Millions around the world were horrified by the pictures of the fiery explosion of Norfolk Southern freight train 32N which derailed while carrying deadly chemicals through a small Ohio town. Eventually the entire town, East Palestine, was forced to evacuate as the fires generating clouds of toxic smoke continued for five days. The smoke contained phosgene, a deadly gas used in World War I trench warfare. Network TV stations focused on the danger to the townspeople and the evacuation. They wrapped up their coverage with the good news that no one had been killed even though no one knows what the long-term consequences of the pollution will be. When their coverage ended, they had said little about what caused the near catastrophe, which they called an accident.
It was no accident. Had the networks given airtime to the many angry and well-informed railroad workers, the public would have learned that, far from being an accident, what happened in East Palestine was the inevitable consequence of the drive for ever-greater profits directed by the reckless owners of big railroads.
In the last decade all the big railroads in the United States and Canada have made record profit margins, in 2019 as high as 50%; last year only 41%. They succeeded in cutting down the workforce by a third while revenues have skyrocketed. A key technique of this drive is called “Precision Scheduled Railroading” (PSR), which operates in tandem with measures including layoffs to decrease the number of workers. PSR forces the reduced number of railroad workers to work unsustainably long hours. One consequence of short staffing is that management routinely cancels time-consuming work practices that contribute to safer train movement.
Thanks to the short staffing and rigid PSR schedules, train cars are not allowed to stay in the yards long enough for the remaining workers to do proper inspections and make repairs on the spot. Without enough time for inspections, cars with wheels, axles and couplers about to fail sometimes leave the yards unrepaired. The immediate cause of the derailment of Train 32N appears to have been such a failure in the middle of its scheduled run between Indiana and Pennsylvania.
When positioning the cars for 32N, Northern Southern management put the heavy tanker cars carrying the toxic, explosive chemicals near the back of the train. This meant that they would likely smash into the cars ahead and derail most of the train in the event of an emergency stop. It is a long-established safety procedure to load the heaviest cars directly behind the even heavier locomotives pulling the train. However, proper positioning of heavy freight cars while making up a train can take more time and expense which is contrary to the profit-maximizing goals of PSR.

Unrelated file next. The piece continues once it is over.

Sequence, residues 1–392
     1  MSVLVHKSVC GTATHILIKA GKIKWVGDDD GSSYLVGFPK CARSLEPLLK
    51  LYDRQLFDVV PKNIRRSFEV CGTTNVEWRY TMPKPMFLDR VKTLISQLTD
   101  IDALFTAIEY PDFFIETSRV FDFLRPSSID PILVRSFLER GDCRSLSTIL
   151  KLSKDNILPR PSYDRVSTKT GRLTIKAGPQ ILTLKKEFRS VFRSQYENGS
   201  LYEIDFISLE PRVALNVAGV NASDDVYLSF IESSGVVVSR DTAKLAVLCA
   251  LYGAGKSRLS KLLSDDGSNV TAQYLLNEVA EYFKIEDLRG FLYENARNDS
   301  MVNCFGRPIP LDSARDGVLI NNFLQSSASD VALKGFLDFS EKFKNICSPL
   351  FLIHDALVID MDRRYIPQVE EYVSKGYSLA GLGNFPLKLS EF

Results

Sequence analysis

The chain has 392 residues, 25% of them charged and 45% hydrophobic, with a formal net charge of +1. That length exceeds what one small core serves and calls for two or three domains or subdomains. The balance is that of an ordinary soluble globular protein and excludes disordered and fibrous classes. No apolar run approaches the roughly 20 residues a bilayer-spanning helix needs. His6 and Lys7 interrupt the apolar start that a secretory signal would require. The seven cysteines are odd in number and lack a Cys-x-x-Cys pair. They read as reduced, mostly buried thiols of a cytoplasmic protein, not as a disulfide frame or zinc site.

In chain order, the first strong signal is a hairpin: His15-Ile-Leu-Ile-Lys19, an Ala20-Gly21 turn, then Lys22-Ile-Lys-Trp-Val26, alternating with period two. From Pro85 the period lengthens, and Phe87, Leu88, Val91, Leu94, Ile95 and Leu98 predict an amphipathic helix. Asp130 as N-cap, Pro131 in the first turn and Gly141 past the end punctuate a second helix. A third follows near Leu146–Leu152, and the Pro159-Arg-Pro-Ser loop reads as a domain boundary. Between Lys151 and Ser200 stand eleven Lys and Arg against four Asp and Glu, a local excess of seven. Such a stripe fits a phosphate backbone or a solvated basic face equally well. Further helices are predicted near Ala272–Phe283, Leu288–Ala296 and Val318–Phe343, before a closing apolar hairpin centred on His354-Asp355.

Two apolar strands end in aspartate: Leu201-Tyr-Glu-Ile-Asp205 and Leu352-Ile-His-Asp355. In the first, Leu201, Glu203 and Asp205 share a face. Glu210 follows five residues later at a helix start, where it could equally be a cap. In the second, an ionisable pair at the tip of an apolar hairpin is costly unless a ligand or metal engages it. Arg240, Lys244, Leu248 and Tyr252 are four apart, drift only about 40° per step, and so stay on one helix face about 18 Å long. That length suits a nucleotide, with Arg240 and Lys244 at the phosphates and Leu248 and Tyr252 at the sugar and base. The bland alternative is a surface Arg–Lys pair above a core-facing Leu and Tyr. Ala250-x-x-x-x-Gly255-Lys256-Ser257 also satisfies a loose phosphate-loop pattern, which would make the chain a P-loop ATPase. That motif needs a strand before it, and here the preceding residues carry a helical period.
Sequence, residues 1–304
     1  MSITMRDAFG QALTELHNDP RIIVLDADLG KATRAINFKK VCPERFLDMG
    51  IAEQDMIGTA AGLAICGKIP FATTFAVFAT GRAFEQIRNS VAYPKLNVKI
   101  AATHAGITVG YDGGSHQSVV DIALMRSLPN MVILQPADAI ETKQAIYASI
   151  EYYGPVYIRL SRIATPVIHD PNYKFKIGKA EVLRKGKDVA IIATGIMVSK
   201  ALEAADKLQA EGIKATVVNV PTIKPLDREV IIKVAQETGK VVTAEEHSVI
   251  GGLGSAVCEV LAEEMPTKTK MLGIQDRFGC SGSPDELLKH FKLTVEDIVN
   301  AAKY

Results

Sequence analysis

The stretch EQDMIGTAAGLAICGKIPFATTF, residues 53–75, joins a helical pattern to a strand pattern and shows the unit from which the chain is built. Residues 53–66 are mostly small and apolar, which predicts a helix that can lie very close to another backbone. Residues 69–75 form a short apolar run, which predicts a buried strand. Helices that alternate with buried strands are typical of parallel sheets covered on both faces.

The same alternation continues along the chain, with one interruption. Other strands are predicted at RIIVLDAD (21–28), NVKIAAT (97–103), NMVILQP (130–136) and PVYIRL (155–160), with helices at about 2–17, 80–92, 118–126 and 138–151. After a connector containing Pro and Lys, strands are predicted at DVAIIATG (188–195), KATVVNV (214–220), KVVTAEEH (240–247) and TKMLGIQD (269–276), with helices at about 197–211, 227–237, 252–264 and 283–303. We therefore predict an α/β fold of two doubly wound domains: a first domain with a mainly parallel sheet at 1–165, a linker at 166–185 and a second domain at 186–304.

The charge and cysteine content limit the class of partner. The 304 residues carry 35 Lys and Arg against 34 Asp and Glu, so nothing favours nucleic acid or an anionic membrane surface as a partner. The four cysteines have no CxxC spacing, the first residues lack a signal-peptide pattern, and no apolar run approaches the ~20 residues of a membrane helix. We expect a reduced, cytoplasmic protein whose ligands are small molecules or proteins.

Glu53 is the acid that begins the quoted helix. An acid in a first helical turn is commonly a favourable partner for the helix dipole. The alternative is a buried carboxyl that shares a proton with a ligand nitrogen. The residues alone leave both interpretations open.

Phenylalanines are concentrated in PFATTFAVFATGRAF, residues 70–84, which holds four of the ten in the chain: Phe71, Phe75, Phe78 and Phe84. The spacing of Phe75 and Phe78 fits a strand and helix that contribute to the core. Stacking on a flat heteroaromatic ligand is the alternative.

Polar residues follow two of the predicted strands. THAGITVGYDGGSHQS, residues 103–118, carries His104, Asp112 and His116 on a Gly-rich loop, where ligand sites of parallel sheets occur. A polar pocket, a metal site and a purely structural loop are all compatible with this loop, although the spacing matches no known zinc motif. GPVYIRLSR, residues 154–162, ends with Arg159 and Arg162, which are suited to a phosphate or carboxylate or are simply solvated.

Workers and railroad safety experts have complained for years about the reckless way the railroad owners run their companies. It turns out that the government has been and still is a long-term accomplice of the bosses and their recklessness. For example, the U.S. Department of Transportation (DOT) has watered down safety regulations to the point that Train 32N, fully 9300 feet long, pulling 151 cars, including 20 cars full of explosive toxic chemicals, was not considered a “high hazard flammable train” by the U.S. Government.
One of the safety measures the DOT has stalled, through both Democratic and Republican administrations, would require railroads to upgrade the 100-year-old design of brakes. Presently the braking system used on freight trains is not instantaneous; it proceeds from the front of the train to the rear, and on a miles-long freight train this can take minutes. It is also the basic reason that the heaviest cars should be right behind the locomotive. Safety advocates have proposed for nearly a decade that railroads be required to install “Electronic Controlled Pneumatic” (ECP) brakes. This modern braking system – which has been fully tested – would operate simultaneously through the entire length of a train, causing it to stop in a shorter distance while eliminating the danger that cars at the rear would bang into the cars ahead of them, the ones that slow down first.
One justification the Department of Transportation offers for not ordering railroads to upgrade to the improved braking system is their concern about “the capital investment required.” They make it sound like the highly profitable railroads cannot afford the cost. It seems that instead of shelling out for the new braking system, the railroad bosses prefer to spend their gigantic profits on stock buybacks which only benefit the top management and the corporate owners. The DOT regulations support this dangerous behavior.
Will the railroads continue to elevate profits over all other considerations? Railroad workers have begun to speak out and stand up to their arrogant bosses. Most of them were ready to strike against their impossible working conditions, which directly and indirectly undercut safety for both the public and the workers. Only Biden’s and the Congress’s eagerness to force a contract favoring the bosses down the workers’ throats stopped that movement, at least for a time. If railroad workers learn from their immediate experience with the government (not to mention railroad workers’ militant history), then maybe next time will be different. The issues that provoke resistance are certainly not going away.